By Marjorie Johnson, J.D.
In a case by a judicial administrative assistant against a county judge who purportedly created a hostile work environment with his explicit sexual banter and retaliated against her for complaining, a divided Sixth Circuit rejected the judge’s appeal of the district court’s denial of summary judgment on qualified immunity grounds, finding it had no jurisdiction to consider the appeal since the judge’s arguments relied solely on disagreements with the lower court’s weighing of facts and factual inferences, and not questions of law. The dissent would have applied a de novo review to determine whether denial of qualified should have been affirmed (Barry v. O’Grady, July 11, 2018, Daughtery, M.).
Vulgar comments about female attorney. The employee alleged that the judge created a hostile work environment by making or encouraging vulgar comments about women, In particular, she asserted that he and two bailiffs explicitly discussed the sex life of a female lawyer who regularly appeared before the court, with one of the bailiffs saying that she “licked [a male lawyer] like a lap dog” and the judge responding that she must be “good at what she does.” Angry at what she overheard, the employee posted about the conversation on Facebook and told the female lawyer about it.
When the judge learned that she had reported the conversation to the female lawyer, he began to retaliate. After the employee complained to the court administration, she was moved out of the judge’s chambers and eventually accepted a transfer to a less-desirable position. Nevertheless, her work life continued to devolve and she suffered from mental health issues.
She brought this lawsuit against several defendants, including the judge, asserting claims of First Amendment retaliation and Fourteenth Amendment gender bias. The district court dismissed her claims against the other defendants on summary judgment. However, it rejected the judge’s qualified immunity defense and allowed her to proceed on her claims against him, concluding that triable issues remained. On appeal, the judge contended that the district court erred in denying him qualified immunity.
Appealability of denial of qualified immunity. Because the denial of summary judgment is not a final decision, it ordinarily is not appealable. However, the denial of qualified immunity can be treated as final and appealable if it presents a purely legal question. But if the denial turned on an issue of fact it is not appealable, as explained by the U.S. Supreme Court in Johnson v Jones. There are only two narrow exceptions: if the district court’s factual determination are shown to be “blatantly and demonstrably false” or if the defendant is “willing to concede the most favorable view of the facts to the plaintiff for purposes of the appeal.”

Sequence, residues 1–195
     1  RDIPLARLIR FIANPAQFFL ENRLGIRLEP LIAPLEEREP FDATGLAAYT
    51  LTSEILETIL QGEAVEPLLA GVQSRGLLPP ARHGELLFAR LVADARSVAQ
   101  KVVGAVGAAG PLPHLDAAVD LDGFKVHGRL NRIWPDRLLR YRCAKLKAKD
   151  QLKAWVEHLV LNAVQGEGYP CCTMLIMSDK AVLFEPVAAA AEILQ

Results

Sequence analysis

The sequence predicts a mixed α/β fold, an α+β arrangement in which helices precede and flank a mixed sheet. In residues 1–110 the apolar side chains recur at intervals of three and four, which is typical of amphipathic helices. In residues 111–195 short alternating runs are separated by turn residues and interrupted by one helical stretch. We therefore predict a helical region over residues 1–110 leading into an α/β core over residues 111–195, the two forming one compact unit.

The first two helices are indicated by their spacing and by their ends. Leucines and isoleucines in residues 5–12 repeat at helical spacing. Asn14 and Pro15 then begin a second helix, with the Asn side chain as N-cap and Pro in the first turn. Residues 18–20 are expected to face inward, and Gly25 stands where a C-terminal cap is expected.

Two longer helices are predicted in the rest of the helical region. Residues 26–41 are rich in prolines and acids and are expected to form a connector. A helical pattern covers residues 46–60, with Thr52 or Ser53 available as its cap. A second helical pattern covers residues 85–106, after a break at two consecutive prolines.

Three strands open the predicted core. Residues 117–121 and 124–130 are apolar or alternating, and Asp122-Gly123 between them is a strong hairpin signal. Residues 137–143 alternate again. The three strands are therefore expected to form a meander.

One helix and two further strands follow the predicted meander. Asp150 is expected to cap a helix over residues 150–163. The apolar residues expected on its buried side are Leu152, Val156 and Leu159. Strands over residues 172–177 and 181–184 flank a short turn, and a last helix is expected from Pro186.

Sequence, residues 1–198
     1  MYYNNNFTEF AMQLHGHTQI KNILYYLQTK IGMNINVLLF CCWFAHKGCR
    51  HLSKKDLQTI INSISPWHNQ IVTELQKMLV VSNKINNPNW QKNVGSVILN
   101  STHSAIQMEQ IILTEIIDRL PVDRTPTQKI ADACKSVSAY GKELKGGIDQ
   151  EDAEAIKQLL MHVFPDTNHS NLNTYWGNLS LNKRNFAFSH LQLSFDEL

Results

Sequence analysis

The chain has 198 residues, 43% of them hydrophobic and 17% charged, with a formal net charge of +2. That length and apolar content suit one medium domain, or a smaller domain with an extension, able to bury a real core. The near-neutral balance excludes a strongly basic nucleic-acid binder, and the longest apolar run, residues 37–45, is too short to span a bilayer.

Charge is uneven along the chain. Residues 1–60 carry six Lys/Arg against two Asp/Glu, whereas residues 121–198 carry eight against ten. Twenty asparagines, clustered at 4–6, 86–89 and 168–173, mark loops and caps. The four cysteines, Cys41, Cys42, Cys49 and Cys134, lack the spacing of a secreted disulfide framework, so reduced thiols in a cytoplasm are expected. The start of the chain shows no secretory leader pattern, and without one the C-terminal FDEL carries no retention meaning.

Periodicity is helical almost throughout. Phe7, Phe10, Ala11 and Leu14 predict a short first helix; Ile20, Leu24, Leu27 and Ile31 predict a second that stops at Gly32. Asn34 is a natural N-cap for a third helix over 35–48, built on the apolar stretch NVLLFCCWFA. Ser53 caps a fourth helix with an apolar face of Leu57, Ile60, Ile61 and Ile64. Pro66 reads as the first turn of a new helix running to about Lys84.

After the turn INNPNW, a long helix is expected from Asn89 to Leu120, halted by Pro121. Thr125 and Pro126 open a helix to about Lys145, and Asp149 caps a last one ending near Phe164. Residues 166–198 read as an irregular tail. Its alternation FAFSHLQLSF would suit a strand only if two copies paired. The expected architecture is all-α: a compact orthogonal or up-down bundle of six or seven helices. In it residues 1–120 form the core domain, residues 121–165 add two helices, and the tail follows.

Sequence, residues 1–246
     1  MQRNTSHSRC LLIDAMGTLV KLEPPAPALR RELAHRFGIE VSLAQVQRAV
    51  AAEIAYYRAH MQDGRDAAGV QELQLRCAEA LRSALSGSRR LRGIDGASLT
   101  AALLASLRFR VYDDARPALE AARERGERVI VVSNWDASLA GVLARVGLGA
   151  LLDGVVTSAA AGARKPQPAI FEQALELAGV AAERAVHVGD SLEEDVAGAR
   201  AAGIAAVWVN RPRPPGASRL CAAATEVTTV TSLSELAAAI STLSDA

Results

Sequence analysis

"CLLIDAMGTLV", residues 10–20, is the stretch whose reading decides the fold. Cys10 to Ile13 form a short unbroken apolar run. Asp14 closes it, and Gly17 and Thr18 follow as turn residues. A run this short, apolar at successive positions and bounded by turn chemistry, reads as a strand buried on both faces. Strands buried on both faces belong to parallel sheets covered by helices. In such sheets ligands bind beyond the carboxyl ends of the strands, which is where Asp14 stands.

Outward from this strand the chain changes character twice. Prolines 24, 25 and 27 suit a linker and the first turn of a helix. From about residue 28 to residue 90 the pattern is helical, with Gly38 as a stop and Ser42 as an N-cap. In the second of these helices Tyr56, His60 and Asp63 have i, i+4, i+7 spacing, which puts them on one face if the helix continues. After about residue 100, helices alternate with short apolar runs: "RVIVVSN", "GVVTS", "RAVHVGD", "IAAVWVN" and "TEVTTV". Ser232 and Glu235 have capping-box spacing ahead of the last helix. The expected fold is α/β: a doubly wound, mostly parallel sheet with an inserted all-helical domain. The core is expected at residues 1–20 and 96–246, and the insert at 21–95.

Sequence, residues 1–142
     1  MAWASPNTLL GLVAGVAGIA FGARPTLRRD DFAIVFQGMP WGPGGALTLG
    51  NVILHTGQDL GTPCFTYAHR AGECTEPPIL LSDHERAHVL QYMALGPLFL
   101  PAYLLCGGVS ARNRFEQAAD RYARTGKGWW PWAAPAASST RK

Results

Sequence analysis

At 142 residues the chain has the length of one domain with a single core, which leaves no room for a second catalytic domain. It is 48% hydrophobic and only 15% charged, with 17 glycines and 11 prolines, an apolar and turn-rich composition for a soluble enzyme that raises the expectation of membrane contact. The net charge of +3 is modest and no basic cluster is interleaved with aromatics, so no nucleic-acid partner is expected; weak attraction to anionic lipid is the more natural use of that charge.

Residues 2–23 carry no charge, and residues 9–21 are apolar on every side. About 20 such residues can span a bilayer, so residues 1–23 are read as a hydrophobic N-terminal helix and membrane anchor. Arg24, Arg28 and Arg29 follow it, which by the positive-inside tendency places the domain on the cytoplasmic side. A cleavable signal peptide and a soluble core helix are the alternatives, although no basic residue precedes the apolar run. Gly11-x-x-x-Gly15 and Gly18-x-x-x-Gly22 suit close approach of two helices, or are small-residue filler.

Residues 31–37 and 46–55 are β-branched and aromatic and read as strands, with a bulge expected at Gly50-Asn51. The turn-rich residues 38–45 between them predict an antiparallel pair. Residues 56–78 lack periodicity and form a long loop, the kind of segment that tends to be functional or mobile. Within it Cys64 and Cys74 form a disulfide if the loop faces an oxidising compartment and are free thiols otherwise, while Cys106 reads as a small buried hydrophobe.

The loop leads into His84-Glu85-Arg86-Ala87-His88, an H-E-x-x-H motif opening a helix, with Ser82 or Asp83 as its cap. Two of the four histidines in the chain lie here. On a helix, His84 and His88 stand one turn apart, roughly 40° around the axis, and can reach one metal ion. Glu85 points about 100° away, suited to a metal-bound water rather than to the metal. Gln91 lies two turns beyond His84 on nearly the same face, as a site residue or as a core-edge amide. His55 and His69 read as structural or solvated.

Here, the judge did not attempt to argue that any of the district court’s factual conclusions were “blatantly and demonstrably false,” but instead based his appeal almost exclusively on his disagreements with the district court’s factual determinations and inferences. This was insufficient to give the appeals court jurisdiction. He also did not present any “neat abstract issues of law,” but instead applied his own factual conclusions and inferences to her claims.
Argued the disputed facts. For example, he failed to accept her claim that she felt forced to take the allegedly retaliatory transfer. Instead, he continued to argue that he believed that she wanted the transfer and that she did not have to accept it. Such propositions were not legal arguments, they were factual conclusions that were unsupported at least and directly refuted at most.
His argument regarding her gender discrimination claim fared no better. He began by boldly contending that there was “no evidence whatsoever” of his “hostility to women in general.” He then argued, amongst other things, that she provided only one example of his use of the term “bitch” and that she herself used the word on her personal Facebook page. He also addressed his alleged description of a female as “hot,” while remarking that “if I wasn’t married . . .” by arguing that there was “no reasonable inference” of anti-female bias because the employee herself described someone as hot on her Facebook page. Similarly, he averred that the employee’s Facebook post about his vulgar conversation about the female lawyer’s sex life arguably contained “the only comment that is demeaning to the class of women in the entire evidentiary record.”
In these instances, he failed to accept the employee’s facts and show why, as a matter of law, she could not prevail on her claim. Instead, he challenged “the weight, the plausibility, and the credibility of the evidence supporting her gender-bias claim.” Accordingly, since he did not accept the facts in the light most favorable to employee, but instead relied on his own disputed version of the facts, he placed his appeal squarely into the category of cases that Johnson prohibited the appeals court from. Accordingly, his appeal was dismissed for lack of jurisdiction.
Dissent would have considered merits. Dissenting, circuit judge Jeffrey Sutton averred that the majority read Johnson too broadly, and that the appeals court should have applied a de novo review to the district court’s decision to determine whether its denial of qualified should have been affirmed on the ground that a material fact dispute remained. To do so may have given the employee and trial judge “clear direction as to what was at stake and what law should control the jury trial at prongs one and two of the qualified immunity inquiry, and in the event of a future appeal, “the law of the case would establish the contours of what the jury could permissibly decide.”
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